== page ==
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This is a guest blog post by Owen Andrew, an ecommerce journalist.

Before ecommerce became a borderline necessity for doing business in the majority of verticals, small business owners and their employees were limited to doing to their marketing in mostly localized ways.

A sign in front of the store, in-store signage and front window displays, and perhaps an ad in the city’s newspaper or phonebook; if they were lucky, perhaps a regional or even national publication may write them if their story or products were particularly compelling.

How Globalization Affects SMBs

However, now most businesses can easily and nearly seamlessly access the other side of the world through technology. Ecommerce is thriving in places like India, Russia, China, Brazil, and more; and mobile is quickly taking hold as well thanks to the increasingly widespread availability (and relatively affordability) of high end smart phones.

One could say that mobile is changing ecommerce in similar way to how ecommerce altered brick and mortar retail - so SMBs owe it to themselves to learn the technology and understand which ecommerce portals are the most effective for their market.

Empowerment Via Technology And Careful Research

In fact, mobile commerce (or m-commerce) is becoming the standard everywhere, and executing it successfully can set a small business marketer apart from larger competitors. People around the world generally want to make purchases in the way that is easiest and most cost-effective for them - and via a localized interface they already use and understand.

Therefore, doing your research on the digital habits of your audience is key - different cultures and countries use the internet in very different ways, so what is basic or intuitive to you might be completely foreign in another country, and vice versa.

And it is not all about mobile or even the common marketing tactics like paid search, Facebook, and more. Think outside of the typical big names (especially the ones popular in the U.S. or your home country) and try niche networks specific to each target audience or location. An added bonus? Smaller platforms and markets can lead to easier, more budget-friendly market entry - which is nearly always a positive.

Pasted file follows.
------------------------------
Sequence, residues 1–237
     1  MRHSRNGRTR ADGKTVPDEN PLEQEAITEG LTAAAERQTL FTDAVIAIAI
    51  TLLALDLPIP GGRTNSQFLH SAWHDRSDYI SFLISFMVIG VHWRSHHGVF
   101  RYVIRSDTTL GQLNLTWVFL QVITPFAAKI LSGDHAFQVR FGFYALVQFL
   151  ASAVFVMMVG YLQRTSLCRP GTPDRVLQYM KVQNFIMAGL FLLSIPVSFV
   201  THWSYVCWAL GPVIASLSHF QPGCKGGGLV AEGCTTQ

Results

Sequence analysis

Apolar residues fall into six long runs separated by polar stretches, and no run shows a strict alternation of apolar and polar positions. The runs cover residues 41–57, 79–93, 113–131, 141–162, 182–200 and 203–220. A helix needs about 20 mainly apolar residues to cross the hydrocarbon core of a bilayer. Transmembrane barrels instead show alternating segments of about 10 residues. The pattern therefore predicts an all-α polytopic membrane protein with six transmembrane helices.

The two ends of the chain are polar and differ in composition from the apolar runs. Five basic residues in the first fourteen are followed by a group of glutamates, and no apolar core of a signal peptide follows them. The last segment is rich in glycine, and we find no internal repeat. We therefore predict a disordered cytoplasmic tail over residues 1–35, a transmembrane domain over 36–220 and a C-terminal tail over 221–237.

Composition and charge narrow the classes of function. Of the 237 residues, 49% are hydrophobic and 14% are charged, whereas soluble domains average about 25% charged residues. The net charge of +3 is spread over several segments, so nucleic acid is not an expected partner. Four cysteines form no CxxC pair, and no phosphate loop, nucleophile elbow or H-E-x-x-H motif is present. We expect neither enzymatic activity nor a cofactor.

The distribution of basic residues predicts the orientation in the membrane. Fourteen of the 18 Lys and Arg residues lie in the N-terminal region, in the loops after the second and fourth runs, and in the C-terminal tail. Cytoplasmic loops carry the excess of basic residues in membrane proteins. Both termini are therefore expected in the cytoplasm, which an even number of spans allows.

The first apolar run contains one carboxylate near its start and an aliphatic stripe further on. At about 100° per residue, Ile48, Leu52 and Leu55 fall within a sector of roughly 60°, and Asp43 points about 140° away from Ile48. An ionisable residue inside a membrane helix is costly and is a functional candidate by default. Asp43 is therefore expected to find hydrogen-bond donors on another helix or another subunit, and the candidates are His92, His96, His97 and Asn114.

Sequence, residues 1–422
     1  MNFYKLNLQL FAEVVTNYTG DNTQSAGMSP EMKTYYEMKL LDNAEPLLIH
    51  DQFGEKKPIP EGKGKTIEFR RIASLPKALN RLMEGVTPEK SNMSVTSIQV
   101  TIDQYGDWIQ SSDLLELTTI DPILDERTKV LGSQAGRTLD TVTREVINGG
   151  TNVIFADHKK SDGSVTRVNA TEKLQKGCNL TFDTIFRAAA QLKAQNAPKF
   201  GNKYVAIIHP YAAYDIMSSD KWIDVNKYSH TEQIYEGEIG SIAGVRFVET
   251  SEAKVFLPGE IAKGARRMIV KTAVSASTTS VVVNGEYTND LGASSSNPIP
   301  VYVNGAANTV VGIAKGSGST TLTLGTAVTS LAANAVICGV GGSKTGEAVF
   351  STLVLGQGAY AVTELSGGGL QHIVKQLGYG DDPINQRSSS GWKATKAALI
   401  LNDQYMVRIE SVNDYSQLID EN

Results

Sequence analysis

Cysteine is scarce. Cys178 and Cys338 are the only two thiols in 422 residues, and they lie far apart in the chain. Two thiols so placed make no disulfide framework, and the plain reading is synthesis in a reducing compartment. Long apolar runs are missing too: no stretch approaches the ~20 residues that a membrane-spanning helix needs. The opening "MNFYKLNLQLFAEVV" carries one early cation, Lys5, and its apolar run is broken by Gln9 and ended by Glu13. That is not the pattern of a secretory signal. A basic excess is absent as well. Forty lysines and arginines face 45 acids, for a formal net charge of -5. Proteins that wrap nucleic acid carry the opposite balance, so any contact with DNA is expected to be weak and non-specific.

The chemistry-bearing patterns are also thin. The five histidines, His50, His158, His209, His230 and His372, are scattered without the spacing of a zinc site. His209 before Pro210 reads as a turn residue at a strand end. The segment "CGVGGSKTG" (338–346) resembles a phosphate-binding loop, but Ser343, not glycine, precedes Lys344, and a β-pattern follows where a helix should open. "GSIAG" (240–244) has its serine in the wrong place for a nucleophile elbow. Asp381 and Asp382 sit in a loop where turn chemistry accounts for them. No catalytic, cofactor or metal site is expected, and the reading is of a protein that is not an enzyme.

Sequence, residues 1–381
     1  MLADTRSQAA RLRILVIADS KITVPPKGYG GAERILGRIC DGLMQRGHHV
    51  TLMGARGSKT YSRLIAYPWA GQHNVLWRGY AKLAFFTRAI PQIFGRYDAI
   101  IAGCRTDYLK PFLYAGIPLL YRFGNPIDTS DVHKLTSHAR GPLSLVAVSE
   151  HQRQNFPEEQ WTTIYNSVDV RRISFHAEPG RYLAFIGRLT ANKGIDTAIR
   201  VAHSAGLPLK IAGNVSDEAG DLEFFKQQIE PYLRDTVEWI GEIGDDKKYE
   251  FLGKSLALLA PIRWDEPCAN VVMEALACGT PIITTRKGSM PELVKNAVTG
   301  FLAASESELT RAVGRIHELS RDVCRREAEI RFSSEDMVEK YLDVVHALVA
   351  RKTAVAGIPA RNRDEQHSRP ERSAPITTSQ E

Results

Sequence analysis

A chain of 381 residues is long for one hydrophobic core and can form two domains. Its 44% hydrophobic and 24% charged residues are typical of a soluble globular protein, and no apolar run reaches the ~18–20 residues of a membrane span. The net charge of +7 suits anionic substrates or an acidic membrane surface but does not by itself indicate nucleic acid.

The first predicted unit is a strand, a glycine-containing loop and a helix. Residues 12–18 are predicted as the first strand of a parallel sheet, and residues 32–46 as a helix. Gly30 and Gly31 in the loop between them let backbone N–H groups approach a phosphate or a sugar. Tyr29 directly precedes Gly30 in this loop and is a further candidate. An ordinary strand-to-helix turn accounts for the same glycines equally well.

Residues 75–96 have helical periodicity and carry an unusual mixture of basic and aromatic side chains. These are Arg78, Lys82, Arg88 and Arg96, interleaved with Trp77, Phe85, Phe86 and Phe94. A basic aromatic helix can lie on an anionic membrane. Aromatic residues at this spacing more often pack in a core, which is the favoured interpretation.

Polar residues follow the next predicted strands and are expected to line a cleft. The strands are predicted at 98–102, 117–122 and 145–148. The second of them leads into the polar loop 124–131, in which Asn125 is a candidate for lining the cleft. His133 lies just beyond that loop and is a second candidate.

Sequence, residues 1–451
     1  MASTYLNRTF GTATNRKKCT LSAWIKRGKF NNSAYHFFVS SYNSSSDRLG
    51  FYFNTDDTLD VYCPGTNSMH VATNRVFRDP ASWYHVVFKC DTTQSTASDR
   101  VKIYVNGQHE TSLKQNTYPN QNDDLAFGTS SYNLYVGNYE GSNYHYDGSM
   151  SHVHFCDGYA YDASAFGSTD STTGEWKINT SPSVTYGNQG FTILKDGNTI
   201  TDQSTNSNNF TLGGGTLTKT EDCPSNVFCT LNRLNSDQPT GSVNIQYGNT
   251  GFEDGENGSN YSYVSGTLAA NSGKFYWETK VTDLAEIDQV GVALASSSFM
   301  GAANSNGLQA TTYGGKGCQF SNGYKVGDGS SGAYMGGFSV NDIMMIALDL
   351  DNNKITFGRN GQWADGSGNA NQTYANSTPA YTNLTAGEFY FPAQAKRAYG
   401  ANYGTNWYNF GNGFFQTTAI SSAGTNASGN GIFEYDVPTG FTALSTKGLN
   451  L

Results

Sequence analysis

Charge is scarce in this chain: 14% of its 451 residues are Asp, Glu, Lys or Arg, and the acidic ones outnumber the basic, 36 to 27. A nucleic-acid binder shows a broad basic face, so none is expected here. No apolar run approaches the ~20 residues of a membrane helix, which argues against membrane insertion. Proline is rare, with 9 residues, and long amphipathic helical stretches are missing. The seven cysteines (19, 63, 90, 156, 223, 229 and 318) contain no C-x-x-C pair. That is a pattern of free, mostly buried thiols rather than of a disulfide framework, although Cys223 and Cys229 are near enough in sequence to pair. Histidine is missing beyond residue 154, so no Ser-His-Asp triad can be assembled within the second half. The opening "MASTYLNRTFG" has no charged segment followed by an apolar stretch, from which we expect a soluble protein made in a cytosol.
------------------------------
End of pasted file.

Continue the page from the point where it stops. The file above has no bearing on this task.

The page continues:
Downsides Of Globalization

Supply-chain management, customizing products and marketing campaigns to suit the idiosyncrasies of each target market, and determining how to send and receive funds can all present challenges for SMB marketers. Currency rates and local/country-specific taxes can also present problems - but all of these have solutions that can be less complex and costly than you think.

Knowing when the key holiday seasons are along with any special dates or events, and preparing your ecommerce site is essential as well. Lastly, what people tend to purchase when is important as well - especially for business owners who sell across hemispheres or to widely different cultures.

Understanding Your (New) Global Business

Lastly, understand the types of devices (even brands and models) and optimize your global strategy accordingly, along with your analytics so you can enable precise tracking for your global audience - but this advice applies to SMB ecommerce overall!

At the end of the day, many of the difficulties of globalization can be combated through strategic deployment of SMB-centric technologies. Even better, the sheer variety of possibilities for ecommerce and mobile commerce growth are growing every day, making it an important aspect of growing your small business internationally.


Author Bio: Owen Andrew is an eCommerce journalist who spends free time studying online marketing practices and attending EDM concerts. He hopes you enjoy this post, and would like to thank ethercycle.com for hosting him!"